My allegiance to the Cowboys started then before I was old enough to realize what happened. I couldn’t tell you if they were even a good team back then (Danny White was the Tony Romo-esque whipping boy then so probably not).


In some ways the years 1991-93 were the best of my life. I knew practically nothing about girls during this three year span. It was a wonderfully latent period, where my adolescent development coincided with the Cowboys going from a NFC Wild Card team to back to back Super Bowl champions.


Those teams were incredible to watch. The offense was unstoppable. Michael “Playmaker” Irvin still to this day remains my favorite football player of all time. And I was treated every Sunday to greatness of Jay Novacek, Emmitt Smith, Henrietta’s own Troy Aikman, and Daryl “Moose” Johnston.


The defense consisted of the deepest defensive line to take the field. Tony Tolbert, Charles Haley, Tony Casillas and Chad Hennings were such a force that they made things very easy for the secondary of Kevin Smith, Thomas Everett, James Washington, and Larry Brown.


The Cowboys also had one of the greatest coaches in football history, Coach Jimmy Johnson. He was also the only coach to win both an NFL title and a National Championship. He orchestrated it all and I learned so much about football from watching those championship teams and reading the books that followed.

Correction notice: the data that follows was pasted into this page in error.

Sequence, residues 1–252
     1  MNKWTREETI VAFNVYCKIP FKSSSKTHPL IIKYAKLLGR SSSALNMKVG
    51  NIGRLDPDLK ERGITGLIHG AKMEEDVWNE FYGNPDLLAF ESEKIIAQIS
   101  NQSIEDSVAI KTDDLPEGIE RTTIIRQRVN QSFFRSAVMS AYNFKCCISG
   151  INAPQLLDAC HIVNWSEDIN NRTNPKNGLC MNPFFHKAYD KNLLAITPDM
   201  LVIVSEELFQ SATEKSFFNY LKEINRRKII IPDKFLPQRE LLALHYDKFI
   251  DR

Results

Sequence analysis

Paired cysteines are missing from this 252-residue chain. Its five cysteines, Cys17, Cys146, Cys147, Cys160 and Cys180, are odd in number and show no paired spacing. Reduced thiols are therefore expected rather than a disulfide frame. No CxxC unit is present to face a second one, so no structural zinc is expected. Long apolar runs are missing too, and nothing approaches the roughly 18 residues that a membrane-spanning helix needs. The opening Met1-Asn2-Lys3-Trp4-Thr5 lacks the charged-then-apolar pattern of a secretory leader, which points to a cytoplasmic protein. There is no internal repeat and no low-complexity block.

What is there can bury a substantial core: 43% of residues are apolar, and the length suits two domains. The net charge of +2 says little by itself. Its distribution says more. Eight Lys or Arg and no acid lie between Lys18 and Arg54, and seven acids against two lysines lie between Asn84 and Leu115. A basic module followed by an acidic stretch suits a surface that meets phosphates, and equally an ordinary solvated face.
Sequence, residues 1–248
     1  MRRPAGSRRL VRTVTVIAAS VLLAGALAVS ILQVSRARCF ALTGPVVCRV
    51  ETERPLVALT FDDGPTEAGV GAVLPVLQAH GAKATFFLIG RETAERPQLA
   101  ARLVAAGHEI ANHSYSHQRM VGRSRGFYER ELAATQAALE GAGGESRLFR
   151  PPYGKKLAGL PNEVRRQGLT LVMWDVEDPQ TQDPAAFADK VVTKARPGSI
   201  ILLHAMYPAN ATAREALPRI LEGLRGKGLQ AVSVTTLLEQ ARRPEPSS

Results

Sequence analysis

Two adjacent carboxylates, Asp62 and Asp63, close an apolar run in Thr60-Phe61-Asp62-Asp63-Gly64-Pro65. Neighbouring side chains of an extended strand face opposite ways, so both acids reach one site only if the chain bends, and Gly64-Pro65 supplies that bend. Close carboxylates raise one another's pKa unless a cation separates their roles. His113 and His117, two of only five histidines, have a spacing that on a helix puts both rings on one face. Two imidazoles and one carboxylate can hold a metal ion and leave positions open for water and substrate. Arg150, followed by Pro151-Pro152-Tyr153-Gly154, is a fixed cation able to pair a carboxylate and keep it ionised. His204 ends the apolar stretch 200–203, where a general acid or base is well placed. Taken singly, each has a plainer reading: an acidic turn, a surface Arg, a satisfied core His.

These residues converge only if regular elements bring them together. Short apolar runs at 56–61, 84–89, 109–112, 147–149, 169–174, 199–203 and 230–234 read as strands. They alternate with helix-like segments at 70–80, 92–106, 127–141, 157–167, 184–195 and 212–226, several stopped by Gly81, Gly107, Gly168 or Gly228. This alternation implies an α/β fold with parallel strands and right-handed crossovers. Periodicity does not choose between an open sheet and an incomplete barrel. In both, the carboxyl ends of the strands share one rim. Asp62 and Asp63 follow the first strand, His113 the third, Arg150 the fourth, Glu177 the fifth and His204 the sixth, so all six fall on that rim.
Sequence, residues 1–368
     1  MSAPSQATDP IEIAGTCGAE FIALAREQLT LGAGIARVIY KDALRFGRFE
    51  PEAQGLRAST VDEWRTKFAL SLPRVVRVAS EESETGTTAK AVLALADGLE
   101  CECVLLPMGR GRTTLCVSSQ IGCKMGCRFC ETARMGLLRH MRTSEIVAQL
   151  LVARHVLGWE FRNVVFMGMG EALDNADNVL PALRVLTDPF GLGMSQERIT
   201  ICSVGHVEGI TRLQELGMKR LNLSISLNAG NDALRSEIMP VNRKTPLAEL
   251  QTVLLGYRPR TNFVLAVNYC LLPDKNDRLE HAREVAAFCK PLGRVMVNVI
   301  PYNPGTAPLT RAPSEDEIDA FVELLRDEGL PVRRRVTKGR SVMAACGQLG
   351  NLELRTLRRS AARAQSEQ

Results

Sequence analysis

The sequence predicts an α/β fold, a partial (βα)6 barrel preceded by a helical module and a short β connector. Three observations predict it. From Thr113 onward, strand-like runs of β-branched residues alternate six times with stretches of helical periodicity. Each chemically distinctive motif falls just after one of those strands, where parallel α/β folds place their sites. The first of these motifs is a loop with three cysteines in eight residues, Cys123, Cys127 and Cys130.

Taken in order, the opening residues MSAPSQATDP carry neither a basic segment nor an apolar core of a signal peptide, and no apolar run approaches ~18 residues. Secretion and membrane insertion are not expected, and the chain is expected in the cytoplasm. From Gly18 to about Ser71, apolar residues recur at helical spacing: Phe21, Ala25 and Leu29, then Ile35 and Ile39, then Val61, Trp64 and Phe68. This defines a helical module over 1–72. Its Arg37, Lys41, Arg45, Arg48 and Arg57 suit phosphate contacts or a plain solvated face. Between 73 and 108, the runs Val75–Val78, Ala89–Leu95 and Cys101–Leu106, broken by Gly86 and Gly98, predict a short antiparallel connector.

Nate Newton had his own show on 1310 (“The Ticket”) which often had Michael Irvin as a guest. The laughs would last forever and I’d get a little melancholy when the clock read 6:50 and the show started winding down. I was consumed by the Cowboys success because my life and its awkward hormonal adjustments didn’t seem so awkward on those lovely Sundays, when it was time for the Cowboys to exert their dominance.


This of course was before egos got involved, mainly Jerry Jones’ ego. Jimmy Johnson was getting too much credit (deservedly so in my opinion) and Jerry couldn’t handle someone stealing the spotlight from him. So he ran Jimmy out of town after back-to back Super Bowl titles. Well, we all know the rest of this story. Jones hires Switzer to show just how easily replaced Johnson could be and the team went from disciplined and prepared to getting untimely penalties and turnovers.


During the second title defense they’d go down in the NFC Championship game 21-0 with three consecutive turnovers to start the first quarter againstSan Francisco. They would battle back but would get ruined by a non- pass interference call on Deion Sanders, and an in-excusable personal foul against Barry Switzer that wrapped up the game for the 49ers. This caused me one of the worst nights of my entire teenaged life (well before I’d wreck my dad’s pickup truck while he was at work.


The next year Jerry Jones hastily signed Deion Sanders and pissed away cap space during the first off-season of the salary cap era- free agency. The depth of tremendous talent was dwindling as their unsung heroes went on to better paychecks with other teams. The Boy’s were suddenly vulnerable at every position…….

They won the Super Bowl that year but you could smell what was in the water. They started losing more winnable games every year, drafting poorly and going through a head coach every three years when they’d only had two in the team’s history up to 1994.